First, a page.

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KANDAHAR, Afghanistan (Reuters) - The bodies of 11 men, their heads cut off and placed next to them, have been found in a violent southern province of Afghanistan, a senior police official said on Friday.
A police patrol discovered the bodies on Thursday in the Khas Uruzgan district of Uruzgan province, north of the Taliban stronghold of Kandahar, said police official Mohammad Gulab Wardak.
"This was the work of the Taliban. They beheaded these men because they were ethnic Hazaras and Shi'ite Muslims," he said.
The Taliban were not immediately available for comment about the incident. The militants usually dispute claims by Afghan and foreign security forces.
Hazaras, who make up roughly 15 percent of Afghanistan's population of around 30 million, largely follow the Shi'ite sect of Islam, a minority in Afghanistan, rather than the Sunni Muslim Taliban, who are also primarily ethnic Pashtuns.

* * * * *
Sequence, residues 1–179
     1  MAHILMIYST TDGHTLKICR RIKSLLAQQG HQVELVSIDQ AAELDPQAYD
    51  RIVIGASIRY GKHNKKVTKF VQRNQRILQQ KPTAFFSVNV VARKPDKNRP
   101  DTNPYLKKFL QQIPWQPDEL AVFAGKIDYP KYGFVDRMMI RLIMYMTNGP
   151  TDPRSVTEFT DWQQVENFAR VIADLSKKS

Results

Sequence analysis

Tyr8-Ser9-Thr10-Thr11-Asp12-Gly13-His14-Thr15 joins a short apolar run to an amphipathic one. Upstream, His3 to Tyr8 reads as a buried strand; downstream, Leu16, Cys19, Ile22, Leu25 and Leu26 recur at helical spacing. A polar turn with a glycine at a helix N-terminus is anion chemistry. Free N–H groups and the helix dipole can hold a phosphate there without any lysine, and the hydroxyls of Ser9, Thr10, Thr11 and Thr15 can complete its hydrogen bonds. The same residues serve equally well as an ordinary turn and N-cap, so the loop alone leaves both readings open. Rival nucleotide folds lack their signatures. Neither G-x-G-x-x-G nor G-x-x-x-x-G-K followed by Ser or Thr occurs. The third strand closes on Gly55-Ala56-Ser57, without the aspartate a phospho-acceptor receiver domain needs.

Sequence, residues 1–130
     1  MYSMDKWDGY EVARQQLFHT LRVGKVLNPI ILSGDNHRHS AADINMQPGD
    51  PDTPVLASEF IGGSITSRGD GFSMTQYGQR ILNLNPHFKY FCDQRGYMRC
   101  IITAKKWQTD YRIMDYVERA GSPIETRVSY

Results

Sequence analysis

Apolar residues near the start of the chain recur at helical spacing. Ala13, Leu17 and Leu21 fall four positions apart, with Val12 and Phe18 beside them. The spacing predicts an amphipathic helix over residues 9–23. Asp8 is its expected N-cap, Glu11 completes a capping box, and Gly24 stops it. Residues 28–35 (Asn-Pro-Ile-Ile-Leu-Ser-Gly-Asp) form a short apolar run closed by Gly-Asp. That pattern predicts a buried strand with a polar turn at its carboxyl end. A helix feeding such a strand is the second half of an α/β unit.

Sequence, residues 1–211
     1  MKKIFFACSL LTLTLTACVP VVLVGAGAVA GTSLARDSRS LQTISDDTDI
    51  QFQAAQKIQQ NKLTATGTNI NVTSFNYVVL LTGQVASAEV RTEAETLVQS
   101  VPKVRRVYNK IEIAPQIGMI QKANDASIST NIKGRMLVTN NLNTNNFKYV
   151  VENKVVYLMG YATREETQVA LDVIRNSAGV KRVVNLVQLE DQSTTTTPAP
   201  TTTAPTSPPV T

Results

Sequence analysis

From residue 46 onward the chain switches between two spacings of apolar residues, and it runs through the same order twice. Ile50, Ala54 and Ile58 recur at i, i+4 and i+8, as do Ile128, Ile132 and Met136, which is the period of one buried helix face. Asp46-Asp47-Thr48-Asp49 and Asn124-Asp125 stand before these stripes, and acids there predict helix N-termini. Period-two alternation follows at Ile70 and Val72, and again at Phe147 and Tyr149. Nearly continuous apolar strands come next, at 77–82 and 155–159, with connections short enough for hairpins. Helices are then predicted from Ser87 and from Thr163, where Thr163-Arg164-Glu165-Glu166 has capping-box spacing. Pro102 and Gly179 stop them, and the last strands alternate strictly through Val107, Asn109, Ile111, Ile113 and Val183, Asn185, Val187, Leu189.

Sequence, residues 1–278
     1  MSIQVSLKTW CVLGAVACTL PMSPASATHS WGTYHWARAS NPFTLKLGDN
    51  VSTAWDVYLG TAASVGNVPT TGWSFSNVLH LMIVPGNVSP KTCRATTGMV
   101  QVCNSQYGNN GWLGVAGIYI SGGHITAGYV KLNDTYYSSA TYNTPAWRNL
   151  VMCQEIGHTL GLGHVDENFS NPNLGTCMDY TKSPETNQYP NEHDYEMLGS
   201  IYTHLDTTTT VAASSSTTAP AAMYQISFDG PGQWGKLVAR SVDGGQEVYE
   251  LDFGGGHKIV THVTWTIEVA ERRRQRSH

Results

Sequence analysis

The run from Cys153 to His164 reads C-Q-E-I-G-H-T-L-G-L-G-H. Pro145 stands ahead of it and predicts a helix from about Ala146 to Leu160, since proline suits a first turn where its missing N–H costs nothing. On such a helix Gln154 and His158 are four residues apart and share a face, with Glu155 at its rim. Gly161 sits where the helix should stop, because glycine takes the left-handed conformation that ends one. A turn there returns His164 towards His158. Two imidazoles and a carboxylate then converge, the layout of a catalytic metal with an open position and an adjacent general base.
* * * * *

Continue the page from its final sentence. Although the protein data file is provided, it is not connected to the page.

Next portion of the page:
Hazaras faced widespread oppression from the Taliban when the Islamists ruled most of the country during the 1990s. Mass graves containing the bodies of Hazaras have been found since the militants were overthrown in late 2001.
Violence in Afghanistan is at its worst levels in the 9-year war, with the Taliban stepping up their campaign of suicide bombings and assassinations, particularly in their Kandahar heartland.
U.N. Secretary-General Ban Ki-moon, in a report to the 15-nation Security Council last week, said there had been an "alarming" rise in bomb and suicide attacks in Afghanistan over the past few months.
Some 80 foreign troops have been killed so far in June, making it the deadliest month for international forces since the war began. More than 300 troops have been killed so far this year compared with about 520 deaths for all of 2009.
On Friday, the NATO-led International Security Assistance Force reported the deaths of two more troops in Afghanistan, one in the east and one in the south.
Reporting by Ismail Sameem; Writing by Jonathon Burch; Editing by Paul Tait